A good example might be the role of performance in the worship gathering.  If we accept the premise that corporate worship is as much impression as expression then well-chosen performance pieces can serve a congregation well.  A well-known evangelical trope is to have a one to four chord light keyboard sound to accompany prayer times.  How much better would it be to have a beautiful classical piece to lift our minds to heavenly things!  If we are exploring lament, a old black spiritual may serve us better than a sermon.  Good catechesis informs our experience and tells us that performance in worship does not make congregants spectators.  They are participants.  I was approached by a gentleman after performing a song at a church in Edmonton and he said this to me: “When you were singing, I was feasting at the table.”  This is the attitude that good teaching fosters in us.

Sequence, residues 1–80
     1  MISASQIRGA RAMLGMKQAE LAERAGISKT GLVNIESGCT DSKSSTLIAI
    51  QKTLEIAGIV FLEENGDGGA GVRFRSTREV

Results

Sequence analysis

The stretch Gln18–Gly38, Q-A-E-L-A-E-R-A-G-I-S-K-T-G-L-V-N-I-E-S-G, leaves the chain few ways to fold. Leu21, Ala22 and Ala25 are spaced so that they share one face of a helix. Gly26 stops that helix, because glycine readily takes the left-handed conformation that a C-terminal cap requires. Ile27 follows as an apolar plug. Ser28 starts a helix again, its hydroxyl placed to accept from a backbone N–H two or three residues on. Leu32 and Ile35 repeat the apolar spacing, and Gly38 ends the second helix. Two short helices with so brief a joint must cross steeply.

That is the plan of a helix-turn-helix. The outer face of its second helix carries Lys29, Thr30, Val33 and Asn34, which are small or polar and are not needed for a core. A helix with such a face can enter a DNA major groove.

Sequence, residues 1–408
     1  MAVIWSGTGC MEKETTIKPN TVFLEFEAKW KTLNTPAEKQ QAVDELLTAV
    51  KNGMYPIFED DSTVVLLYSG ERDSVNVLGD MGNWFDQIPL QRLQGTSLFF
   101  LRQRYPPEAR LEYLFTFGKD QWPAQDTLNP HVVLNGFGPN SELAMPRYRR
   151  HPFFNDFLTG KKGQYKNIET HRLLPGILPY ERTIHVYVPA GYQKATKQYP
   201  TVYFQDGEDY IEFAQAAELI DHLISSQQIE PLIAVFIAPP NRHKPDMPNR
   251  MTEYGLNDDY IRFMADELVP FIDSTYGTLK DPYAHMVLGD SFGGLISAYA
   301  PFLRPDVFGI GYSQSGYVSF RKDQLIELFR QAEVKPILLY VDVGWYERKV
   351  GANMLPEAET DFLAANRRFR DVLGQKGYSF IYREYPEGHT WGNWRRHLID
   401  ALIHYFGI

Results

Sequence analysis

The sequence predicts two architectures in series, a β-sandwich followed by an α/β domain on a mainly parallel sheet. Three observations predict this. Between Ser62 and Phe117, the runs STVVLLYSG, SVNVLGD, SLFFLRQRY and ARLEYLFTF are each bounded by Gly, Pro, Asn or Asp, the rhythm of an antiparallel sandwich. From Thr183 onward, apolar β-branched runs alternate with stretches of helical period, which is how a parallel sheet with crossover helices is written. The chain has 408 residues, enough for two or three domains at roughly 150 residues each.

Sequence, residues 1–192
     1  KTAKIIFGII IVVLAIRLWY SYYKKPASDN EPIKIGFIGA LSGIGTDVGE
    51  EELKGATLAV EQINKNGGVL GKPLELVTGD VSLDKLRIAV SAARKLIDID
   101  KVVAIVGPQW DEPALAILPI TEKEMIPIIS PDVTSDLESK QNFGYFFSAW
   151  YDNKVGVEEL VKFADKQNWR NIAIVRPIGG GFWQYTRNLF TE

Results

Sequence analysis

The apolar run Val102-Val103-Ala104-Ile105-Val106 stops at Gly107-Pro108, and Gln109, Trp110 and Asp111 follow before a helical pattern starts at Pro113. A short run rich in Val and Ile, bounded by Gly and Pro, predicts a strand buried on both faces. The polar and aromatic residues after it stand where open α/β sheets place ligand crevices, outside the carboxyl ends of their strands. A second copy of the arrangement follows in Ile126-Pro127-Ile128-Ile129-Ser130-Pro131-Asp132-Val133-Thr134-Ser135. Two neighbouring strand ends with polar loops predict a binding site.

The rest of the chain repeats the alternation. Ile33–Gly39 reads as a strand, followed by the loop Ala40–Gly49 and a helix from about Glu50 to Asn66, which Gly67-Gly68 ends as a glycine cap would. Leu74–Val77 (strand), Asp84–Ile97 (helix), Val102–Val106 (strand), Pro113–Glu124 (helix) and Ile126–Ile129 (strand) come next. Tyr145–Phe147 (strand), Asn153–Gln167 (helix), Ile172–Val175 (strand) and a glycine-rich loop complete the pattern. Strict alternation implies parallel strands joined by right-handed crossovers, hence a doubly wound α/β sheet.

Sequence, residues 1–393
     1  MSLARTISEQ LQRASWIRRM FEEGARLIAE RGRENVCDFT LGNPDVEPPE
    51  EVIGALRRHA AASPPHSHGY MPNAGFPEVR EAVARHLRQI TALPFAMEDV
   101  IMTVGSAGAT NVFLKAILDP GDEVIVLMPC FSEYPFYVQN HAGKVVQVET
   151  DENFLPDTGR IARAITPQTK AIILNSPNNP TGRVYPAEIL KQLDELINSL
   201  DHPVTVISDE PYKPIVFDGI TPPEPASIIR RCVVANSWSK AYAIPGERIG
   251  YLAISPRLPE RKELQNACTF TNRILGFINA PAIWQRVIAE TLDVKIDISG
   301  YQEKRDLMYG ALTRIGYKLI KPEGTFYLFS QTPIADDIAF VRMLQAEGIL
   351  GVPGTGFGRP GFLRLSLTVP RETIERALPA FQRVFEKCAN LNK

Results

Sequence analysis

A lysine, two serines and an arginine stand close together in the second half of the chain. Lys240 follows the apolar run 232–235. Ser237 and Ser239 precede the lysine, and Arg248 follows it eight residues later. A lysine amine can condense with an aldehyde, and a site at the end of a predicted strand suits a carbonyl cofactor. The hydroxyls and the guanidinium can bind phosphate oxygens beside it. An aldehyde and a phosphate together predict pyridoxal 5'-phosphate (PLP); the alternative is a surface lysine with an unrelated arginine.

Next week: part 2: Leadership